But MSHA's Stricklin said that's simply impossible.
"We know it wasn't operating safely, or we wouldn't have had an explosion," Stricklin said.
"It's quite evident that something went very wrong here," he said. "All explosions are preventable. It's just making sure you have things in place to keep one from occurring."
Asked if he was concerned about Massey's safety record, Manchin replied, "I'm not comfortable when there is an accident, no matter who it is."
Manchin promised the state would hold a public hearing as part of his investigation, and that he planned to ask Clinton administration MSHA chief Davitt McAteer to help the state work out the details of its probe.
Rep. Nick J. Rahall, D-W.Va., said that House Labor Committee Chairman George Miller, D-W.Va., had committed to holding hearings to investigate the disaster.
In a prepared statement, Labor Secretary Hilda Solis said, "Twenty-five hardworking men died needlessly in a mine yesterday. I pledge that their deaths will not be in vain. Miners should never have to sacrifice their lives for their livelihood."
The explosion was the worst U.S. mining disaster since December 1984, when 27 workers died in a fire at the Wilberg Mine in Orangeville, Utah. It was the worst disaster in West Virginia since 78 miners -- including Manchin's uncle -- died in the November 1968 Farmington Disaster in Marion County.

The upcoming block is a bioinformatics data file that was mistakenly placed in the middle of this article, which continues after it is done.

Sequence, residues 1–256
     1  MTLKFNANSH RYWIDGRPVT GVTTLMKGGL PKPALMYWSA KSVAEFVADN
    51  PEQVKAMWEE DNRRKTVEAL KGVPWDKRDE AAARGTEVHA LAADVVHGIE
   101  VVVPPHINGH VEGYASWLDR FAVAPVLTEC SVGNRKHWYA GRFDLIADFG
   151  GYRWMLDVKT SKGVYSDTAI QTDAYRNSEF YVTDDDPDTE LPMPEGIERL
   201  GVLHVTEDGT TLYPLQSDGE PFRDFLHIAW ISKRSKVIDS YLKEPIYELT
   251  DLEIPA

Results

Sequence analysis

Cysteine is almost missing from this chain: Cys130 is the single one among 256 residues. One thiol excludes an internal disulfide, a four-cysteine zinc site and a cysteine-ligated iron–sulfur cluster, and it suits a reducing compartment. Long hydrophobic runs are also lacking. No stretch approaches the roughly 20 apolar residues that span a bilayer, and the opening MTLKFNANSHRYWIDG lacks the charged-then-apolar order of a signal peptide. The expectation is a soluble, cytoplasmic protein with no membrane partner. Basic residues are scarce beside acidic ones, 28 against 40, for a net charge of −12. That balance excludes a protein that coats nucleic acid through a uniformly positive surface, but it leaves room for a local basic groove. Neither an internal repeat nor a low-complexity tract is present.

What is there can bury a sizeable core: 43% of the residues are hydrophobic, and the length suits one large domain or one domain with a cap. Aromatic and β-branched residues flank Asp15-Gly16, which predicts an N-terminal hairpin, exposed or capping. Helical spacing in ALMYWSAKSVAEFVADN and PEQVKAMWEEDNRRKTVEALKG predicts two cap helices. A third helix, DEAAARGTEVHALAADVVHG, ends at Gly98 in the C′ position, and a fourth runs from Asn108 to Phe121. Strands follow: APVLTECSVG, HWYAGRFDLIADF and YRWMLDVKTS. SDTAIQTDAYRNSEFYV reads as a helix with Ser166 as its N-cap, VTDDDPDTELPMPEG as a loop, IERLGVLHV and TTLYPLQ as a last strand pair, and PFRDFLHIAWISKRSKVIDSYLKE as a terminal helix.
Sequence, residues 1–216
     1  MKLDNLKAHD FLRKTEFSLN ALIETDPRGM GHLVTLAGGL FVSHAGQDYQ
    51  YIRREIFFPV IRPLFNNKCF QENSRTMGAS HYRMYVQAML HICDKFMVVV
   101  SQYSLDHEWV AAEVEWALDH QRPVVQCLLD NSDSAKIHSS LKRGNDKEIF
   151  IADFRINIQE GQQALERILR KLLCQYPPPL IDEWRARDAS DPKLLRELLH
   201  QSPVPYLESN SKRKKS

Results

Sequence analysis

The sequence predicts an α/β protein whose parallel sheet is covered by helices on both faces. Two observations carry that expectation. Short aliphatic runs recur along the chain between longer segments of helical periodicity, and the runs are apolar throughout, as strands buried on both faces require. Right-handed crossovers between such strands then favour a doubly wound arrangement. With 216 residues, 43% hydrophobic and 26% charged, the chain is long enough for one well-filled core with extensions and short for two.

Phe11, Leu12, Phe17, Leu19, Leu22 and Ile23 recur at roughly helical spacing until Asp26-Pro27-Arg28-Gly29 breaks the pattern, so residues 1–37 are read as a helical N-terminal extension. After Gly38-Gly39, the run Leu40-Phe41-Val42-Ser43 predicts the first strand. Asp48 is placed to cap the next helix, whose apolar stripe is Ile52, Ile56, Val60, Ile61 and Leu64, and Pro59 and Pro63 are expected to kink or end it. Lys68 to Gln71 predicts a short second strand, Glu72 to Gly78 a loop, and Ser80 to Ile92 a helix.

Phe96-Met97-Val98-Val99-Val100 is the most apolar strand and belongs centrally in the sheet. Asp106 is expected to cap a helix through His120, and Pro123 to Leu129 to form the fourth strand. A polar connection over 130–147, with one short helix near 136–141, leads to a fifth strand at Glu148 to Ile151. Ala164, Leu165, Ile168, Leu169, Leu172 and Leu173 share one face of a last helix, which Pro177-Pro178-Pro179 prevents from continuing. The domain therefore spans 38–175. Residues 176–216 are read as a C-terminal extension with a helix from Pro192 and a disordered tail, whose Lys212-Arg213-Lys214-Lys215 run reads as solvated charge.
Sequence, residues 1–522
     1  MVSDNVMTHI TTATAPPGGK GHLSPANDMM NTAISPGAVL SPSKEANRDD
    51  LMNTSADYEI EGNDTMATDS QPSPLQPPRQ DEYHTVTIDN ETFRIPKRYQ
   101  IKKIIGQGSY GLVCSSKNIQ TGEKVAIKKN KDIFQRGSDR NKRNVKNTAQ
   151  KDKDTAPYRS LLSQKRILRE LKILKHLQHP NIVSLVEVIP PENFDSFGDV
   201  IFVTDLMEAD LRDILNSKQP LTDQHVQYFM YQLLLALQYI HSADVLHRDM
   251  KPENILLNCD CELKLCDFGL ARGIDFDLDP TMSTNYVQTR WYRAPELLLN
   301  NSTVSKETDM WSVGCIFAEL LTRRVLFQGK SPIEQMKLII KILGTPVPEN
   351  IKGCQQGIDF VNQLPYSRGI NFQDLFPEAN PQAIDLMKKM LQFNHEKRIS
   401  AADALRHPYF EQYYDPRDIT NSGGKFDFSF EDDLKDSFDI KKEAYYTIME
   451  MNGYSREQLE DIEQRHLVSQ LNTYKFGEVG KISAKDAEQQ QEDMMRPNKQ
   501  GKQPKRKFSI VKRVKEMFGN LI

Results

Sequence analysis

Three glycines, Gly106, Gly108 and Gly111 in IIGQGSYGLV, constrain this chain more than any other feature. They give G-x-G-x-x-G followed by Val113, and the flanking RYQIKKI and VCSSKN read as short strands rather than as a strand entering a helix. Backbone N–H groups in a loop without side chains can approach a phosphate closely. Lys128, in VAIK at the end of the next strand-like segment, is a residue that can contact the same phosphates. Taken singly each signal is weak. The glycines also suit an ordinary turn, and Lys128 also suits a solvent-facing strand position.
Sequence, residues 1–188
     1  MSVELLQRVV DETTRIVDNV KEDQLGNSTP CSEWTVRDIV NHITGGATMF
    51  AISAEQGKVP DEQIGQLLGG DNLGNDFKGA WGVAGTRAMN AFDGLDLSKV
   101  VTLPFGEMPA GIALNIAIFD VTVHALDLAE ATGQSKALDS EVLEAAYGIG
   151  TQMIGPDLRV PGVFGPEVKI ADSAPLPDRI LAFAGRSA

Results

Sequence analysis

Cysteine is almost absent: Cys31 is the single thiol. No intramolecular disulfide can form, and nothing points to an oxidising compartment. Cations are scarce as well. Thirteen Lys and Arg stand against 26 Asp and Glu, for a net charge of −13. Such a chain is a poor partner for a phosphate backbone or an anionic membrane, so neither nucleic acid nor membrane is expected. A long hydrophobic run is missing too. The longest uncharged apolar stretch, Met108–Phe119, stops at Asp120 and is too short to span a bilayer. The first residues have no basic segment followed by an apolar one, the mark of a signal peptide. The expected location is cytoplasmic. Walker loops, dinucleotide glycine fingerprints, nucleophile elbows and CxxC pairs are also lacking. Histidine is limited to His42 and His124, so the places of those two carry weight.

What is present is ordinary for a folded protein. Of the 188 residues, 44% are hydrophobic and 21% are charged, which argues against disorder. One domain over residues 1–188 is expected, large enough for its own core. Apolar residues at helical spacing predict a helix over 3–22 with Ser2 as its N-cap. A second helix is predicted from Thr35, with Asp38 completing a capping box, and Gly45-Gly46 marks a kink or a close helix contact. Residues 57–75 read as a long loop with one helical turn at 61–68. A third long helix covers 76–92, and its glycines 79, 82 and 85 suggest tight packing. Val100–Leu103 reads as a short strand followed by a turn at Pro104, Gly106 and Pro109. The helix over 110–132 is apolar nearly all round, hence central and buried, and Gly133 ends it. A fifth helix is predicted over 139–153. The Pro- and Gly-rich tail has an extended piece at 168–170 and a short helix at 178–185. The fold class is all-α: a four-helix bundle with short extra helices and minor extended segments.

"Clearly, we must get to the bottom of what happened, how and who was responsible," said Sen. Robert C. Byrd, D-W.Va. "And we must and will hold those parties accountable.
"West Virginia's coal miners are the backbone of a great nation that depends on their work," Byrd added. "They deserve nothing less than a safe working environment, and an employer who respects and values their safety."
Tuesday afternoon, the state Medical Examiner identified the first seven victims of the disaster: Steven J. Harrah, 40; William R. Lynch, 59; Jason Atkins, 25; Benny Ray Willingham, 61; Carl Accord, 52; Deward Allan Scott, 58; and Robert E. Clark, 41.
Other names were not officially released, but identities of the dead and missing began to spread as national and international media descended on the Raleigh County area to cover the story.
Some family members were vocally critical of Massey, saying the company did not contact them or provide adequate information and support in the hours after the explosion.
"We sat and we sat and we sat," said Michelle McKinney, whose father Benny Willingham was among those killed. "We are still waiting on that phone call."
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